The Limerick County Board of the Gaelic Athletic Association (GAA) or Limerick GAA is one of the 32 county boards of the GAA in Ireland, and is responsible for Gaelic games in County Limerick. The county board is also responsible for the Limerick county teams.

Westmeath GAA county board of the Gaelic Athletic Association in Ireland

The Westmeath County Board of the Gaelic Athletic Association (GAA) or Westmeath GAA is one of the 32 county boards of the GAA in Ireland, and is responsible for Gaelic games in County Westmeath. The county board is also responsible for the Westmeath county teams.

Down GAA county board of the Gaelic Athletic Association in Ireland

The Down County Board or Down GAA is one of the 32 county boards of the Gaelic Athletic Association (GAA) in Ireland, and is responsible for the administration of Gaelic games in County Down.

Wicklow GAA county board of the Gaelic Athletic Association in Ireland

The Wicklow County Board of the Gaelic Athletic Association (GAA) or Wicklow GAA is one of the 32 county boards of the GAA in Ireland, and is responsible for Gaelic games in County Wicklow. The county board is also responsible for the Wicklow county teams.

The All-Ireland Junior Camogie Championship is the most important competition for third-tier county teams in the women's field sport of camogie and for second-string teams of first-tier counties. In accordance with the practice in GAA competitions the term junior applies to the level of competition rather than the age group.

Máire Ní Chinnéide Gaelic games administrator and Irish language activist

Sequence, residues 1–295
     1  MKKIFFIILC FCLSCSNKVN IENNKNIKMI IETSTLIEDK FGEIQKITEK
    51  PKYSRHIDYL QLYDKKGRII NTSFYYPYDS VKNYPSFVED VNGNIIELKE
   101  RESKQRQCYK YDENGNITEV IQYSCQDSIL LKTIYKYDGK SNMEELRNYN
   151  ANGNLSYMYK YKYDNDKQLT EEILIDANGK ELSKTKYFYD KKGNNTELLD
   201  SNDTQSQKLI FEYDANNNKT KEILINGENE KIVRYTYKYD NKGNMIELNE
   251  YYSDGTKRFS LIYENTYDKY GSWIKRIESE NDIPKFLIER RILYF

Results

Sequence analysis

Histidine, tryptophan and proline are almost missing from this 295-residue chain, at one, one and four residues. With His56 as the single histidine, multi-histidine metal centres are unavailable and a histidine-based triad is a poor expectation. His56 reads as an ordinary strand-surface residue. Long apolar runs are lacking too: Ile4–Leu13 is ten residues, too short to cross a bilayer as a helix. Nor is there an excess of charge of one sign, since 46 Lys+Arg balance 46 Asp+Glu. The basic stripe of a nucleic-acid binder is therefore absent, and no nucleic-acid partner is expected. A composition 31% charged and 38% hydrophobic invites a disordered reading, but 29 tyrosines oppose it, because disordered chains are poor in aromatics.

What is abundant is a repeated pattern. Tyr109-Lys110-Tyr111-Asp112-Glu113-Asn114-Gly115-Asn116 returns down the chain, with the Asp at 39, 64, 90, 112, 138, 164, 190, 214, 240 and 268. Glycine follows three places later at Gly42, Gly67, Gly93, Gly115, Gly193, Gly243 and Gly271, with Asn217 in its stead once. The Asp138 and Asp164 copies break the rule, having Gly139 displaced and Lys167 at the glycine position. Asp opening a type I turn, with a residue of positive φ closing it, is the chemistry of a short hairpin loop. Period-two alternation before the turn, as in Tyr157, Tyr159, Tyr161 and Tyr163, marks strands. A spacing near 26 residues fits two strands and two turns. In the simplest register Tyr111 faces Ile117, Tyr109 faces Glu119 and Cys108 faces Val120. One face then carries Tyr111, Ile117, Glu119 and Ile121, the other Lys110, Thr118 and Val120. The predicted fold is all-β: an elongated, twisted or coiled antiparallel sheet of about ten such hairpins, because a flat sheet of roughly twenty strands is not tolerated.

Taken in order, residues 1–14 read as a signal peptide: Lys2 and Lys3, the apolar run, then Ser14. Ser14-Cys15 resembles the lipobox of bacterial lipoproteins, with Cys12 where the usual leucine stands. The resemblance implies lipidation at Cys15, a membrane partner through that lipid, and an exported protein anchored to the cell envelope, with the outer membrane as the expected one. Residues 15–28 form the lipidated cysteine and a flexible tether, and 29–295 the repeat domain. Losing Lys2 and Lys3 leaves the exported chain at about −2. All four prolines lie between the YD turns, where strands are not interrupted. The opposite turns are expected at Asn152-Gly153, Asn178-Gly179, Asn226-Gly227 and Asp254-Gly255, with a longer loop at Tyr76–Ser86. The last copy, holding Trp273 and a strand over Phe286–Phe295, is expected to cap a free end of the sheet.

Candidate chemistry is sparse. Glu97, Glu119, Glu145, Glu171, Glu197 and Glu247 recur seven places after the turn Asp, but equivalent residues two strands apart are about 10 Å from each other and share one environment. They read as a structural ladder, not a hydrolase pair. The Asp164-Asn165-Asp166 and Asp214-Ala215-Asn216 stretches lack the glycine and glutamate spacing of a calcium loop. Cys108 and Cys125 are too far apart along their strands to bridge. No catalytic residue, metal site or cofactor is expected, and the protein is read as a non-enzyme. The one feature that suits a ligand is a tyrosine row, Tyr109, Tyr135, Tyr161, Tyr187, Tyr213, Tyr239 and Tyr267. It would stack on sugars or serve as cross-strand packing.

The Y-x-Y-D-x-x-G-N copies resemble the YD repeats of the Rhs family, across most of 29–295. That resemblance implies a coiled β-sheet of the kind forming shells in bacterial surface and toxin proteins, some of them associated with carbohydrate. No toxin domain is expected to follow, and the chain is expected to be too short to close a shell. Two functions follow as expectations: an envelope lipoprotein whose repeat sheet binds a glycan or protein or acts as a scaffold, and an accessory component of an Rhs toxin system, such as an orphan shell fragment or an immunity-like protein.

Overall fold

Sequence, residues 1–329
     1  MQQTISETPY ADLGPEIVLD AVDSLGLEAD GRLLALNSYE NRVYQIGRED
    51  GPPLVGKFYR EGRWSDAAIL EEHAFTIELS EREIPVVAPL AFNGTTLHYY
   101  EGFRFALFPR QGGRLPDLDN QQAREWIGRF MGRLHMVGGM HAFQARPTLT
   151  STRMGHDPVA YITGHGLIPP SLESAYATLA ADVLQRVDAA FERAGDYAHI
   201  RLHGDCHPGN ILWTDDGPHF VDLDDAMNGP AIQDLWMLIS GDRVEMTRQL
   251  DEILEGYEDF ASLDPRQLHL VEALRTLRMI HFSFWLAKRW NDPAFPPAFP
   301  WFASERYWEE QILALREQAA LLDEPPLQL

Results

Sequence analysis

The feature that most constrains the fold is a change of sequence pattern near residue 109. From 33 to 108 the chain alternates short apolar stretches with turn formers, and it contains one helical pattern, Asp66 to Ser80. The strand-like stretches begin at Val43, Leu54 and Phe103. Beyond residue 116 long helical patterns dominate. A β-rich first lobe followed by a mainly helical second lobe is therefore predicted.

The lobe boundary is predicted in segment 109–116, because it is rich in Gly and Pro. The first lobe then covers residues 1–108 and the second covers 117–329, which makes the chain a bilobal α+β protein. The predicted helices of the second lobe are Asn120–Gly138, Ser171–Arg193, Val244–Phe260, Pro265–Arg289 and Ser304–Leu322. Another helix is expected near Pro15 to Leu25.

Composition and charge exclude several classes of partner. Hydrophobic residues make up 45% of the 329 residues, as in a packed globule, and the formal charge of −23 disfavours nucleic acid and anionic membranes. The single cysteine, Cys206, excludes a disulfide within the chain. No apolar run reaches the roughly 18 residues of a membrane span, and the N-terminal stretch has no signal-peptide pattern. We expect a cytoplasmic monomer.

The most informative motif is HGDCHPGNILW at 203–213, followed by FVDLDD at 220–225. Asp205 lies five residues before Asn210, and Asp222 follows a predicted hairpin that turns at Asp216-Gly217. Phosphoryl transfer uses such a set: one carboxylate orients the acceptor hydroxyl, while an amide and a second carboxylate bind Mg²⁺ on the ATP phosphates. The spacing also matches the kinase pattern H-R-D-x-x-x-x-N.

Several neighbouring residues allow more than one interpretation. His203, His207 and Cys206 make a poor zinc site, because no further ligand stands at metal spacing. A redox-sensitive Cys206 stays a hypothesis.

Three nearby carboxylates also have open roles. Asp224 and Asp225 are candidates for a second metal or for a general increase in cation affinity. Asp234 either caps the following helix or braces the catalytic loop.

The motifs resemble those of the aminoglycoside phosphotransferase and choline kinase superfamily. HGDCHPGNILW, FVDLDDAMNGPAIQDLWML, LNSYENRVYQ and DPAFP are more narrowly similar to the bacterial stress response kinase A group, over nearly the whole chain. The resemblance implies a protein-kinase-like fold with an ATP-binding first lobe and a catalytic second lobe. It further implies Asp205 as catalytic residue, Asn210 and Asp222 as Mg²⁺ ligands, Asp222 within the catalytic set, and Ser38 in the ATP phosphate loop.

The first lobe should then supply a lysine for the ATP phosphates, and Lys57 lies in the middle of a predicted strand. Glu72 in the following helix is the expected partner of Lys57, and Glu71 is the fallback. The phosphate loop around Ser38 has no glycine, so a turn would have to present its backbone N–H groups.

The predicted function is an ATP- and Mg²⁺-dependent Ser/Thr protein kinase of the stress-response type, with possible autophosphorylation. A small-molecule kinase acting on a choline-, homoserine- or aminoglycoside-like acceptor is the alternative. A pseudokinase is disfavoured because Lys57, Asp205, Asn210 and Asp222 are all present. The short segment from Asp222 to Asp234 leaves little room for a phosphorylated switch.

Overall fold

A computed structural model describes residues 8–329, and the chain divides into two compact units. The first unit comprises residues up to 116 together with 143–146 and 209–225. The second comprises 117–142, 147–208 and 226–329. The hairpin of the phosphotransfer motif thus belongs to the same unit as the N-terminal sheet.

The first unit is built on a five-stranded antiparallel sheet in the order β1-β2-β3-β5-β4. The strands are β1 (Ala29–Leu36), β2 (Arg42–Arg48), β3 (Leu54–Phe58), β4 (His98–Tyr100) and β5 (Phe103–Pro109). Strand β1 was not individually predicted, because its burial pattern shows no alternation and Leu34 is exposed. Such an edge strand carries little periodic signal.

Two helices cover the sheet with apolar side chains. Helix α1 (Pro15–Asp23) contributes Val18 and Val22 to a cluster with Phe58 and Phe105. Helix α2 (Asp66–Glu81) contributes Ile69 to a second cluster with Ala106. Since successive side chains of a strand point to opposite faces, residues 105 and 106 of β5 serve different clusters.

Máire Ní Chinnéide was an Irish language activist, playwright, first President of the Camogie Association and first woman president of Oireachtas na Gaeilge.

The Rt Hon. Elizabeth Mary Margaret Burke-Plunkett, Countess of Fingall (1862–1944), was born in Moycullen, a daughter of George Edmond Burke of Danesfield and his wife Theresa Quin. She became an activist in Irish industrial, charitable and cultural groups, serving as second president of the Camogie Association and first president of the Irish Countrywomen's Association. She was also a noted literary hostess, whose salon at Earlsfort House was a centre of Dublin intellectual life for many years.

Anne "Nancy" Mulligan-Murray from Antrim was the 16th president of the Camogie Association.

Úna Uí Phuirséil was the 17th president of the Camogie Association. Born Agnes Hourigan in Ballingarry, County Limerick, she had three brothers, Dan, Sean, Fr Jack Hourigan, and four sisters [including Maisie and Ellen].

Mary Moran was the 18th president of the Camogie Association, elected at the 1973 Congress in the Blarney Hotel in a run-off against Mary Lynch of Monaghan.

Mary Fennelly was the 19th president of the Camogie Association.

Joan O'Flynn was the 28th president of the Camogie Association.

Liatroim Fontenoys is a Gaelic Athletic Association Club in County Down, Northern Ireland. The club promotes hurling, Irish football and camogie.

The 1945 All-Ireland Senior Camogie Championship was the high point of the 1945 season in Camogie. The championship was won by Antrim, who defeated Waterford by a six-point margin in the final.

The 1944 All-Ireland Senior Camogie Championship was the high point of the 1944 season in Camogie. The championship was won by Dublin, who defeated Antrim by a 17-point margin in the final. Gate receipts were £211.

The 1982 All Ireland Camogie Championship was won by Cork, beating Dublin by a single point in the final.

The 1983 All-Ireland Senior Camogie Championship was won by Cork, beating Dublin by a two-point margin in the final.

References

  1. Moran, Mary (2011). A Game of Our Own: The History of Camogie. Dublin, Ireland: Cumann Camógaíochta. p. 460.
  2. Download of updated 2010 Camogie Rules An Treoraí Oifigiúil in word document (464kb)
  3. Irish Independent March 29 2010: Final goal for camogie
  4. National Development Plan 2010–2015, Our Game, Our Passion information page on camogie.ie Archived 1 September 2010 at the Wayback Machine , pdf download (778k) from Camogie.ie download site Archived 16 September 2011 at the Wayback Machine